German Names Mean Something

The fact that German names almost always do mean something is humorously described by Mark Twain in his book A Tramp Abroad [1880]

German Names Mean Something

by Mark Twain

A little learning makes the whole world kin.--Proverbs xxxii, 7.

In German, all the Nouns begin with a capital letter.

Now that is a good idea; and a good idea, in this language, is necessarily conspicuous from its lonesomeness.

I consider this capitalizing of nouns a good idea, because by reason of it you are almost always able to tell a noun the minute you see it.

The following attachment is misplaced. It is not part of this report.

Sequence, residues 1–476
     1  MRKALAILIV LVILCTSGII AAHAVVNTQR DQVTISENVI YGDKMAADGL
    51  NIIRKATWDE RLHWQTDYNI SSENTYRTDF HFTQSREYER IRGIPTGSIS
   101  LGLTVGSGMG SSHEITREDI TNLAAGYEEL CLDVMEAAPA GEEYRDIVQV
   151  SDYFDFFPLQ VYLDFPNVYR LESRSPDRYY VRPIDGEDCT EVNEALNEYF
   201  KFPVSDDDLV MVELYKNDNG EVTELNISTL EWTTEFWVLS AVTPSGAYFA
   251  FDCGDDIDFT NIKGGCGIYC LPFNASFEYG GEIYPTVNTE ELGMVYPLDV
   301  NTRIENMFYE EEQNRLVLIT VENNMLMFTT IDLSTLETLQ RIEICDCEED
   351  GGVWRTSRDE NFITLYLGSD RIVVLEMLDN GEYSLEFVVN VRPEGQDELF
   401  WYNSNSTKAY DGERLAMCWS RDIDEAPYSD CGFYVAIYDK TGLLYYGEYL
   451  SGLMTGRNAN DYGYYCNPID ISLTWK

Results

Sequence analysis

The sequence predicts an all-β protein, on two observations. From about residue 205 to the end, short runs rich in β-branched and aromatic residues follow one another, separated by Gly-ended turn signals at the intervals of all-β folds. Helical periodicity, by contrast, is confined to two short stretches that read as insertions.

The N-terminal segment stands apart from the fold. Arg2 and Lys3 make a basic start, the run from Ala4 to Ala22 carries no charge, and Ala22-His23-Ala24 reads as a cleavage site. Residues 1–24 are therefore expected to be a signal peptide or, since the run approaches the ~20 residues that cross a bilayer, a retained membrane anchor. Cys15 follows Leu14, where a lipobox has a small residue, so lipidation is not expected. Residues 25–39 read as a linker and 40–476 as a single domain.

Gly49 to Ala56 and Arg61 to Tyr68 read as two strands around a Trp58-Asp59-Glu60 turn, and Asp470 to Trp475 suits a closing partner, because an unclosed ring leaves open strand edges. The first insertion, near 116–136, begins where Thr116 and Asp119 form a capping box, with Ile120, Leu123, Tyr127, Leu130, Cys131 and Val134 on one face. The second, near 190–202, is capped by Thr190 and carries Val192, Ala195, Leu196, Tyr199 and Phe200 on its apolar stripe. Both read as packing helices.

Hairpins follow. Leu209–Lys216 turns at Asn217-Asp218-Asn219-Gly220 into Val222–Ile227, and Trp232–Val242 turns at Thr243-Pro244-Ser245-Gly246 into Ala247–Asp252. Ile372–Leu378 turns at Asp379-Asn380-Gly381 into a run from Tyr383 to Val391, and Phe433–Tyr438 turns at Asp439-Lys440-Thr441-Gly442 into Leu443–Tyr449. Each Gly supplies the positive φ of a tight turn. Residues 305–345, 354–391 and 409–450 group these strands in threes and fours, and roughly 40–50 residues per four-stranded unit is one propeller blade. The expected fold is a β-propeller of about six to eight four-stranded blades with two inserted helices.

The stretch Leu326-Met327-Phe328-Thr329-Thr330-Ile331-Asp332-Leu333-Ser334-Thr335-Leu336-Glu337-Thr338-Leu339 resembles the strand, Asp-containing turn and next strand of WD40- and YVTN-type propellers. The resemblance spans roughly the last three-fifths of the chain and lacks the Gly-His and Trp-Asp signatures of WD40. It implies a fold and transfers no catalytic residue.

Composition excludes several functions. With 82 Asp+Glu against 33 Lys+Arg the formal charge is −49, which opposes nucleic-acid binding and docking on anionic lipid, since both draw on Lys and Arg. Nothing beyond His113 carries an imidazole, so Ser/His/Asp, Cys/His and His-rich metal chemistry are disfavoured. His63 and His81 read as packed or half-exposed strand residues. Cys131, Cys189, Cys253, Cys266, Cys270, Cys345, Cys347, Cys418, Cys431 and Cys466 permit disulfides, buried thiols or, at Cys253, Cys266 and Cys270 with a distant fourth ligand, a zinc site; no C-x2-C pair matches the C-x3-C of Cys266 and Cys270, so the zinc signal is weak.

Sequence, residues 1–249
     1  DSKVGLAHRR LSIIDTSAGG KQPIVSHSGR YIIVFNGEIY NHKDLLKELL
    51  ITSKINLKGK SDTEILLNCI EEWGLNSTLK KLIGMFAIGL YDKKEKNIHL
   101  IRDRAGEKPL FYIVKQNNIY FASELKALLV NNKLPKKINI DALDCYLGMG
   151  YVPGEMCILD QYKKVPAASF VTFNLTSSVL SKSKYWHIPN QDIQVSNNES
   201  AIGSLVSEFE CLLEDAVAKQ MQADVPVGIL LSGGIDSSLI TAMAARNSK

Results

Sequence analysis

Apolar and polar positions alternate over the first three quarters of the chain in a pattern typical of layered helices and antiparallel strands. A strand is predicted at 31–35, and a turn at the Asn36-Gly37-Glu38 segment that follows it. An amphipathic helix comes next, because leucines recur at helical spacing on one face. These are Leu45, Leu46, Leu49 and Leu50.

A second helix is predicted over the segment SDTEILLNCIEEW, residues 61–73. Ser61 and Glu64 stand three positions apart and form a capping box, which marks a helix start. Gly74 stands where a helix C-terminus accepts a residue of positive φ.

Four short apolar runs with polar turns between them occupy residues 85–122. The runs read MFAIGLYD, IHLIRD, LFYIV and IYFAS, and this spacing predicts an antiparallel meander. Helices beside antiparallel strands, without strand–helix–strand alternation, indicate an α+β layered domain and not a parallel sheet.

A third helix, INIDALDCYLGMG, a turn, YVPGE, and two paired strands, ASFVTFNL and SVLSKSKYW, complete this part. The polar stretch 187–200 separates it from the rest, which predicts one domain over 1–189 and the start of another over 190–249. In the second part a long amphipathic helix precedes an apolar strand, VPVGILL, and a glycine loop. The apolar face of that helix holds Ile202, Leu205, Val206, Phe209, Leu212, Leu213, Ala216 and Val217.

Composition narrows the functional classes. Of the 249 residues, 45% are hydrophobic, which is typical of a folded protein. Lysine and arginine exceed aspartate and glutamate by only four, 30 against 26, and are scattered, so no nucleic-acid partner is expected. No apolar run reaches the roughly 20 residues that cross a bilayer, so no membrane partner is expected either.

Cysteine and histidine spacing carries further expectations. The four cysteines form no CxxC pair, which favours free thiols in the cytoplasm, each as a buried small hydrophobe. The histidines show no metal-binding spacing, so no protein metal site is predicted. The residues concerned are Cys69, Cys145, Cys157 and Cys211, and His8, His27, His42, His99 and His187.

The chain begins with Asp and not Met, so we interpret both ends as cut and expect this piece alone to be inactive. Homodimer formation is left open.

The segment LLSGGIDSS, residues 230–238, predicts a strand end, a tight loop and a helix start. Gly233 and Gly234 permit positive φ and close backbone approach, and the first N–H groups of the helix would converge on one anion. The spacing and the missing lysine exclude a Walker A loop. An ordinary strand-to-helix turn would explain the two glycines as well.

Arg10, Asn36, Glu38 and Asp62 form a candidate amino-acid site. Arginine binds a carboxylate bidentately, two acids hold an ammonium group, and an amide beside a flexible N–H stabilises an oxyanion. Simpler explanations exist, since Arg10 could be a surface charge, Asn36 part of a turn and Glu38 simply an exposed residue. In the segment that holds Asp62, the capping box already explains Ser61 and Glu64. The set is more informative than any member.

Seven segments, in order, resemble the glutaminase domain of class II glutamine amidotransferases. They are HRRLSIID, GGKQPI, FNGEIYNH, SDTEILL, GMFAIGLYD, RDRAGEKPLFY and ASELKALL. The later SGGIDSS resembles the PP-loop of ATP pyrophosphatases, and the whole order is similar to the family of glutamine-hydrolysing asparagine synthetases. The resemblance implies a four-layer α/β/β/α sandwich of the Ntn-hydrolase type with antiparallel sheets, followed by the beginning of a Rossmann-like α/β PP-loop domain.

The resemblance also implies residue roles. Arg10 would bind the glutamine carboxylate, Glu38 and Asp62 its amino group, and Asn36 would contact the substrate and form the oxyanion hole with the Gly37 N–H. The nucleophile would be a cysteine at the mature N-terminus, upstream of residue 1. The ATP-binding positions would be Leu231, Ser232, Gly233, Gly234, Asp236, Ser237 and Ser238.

You fall into error occasionally, because you mistake the name of a person for the name of a thing, and waste a good deal of time trying to dig a meaning out of it.

German names almost always do mean something, and this helps to deceive the student.

I translated a passage one day, which said that "the infuriated tigress broke loose and utterly ate up the unfortunate fir forest" (Tannenwald). When I was girding up my loins to doubt this, I found out that Tannenwald in this instance was a man's name.


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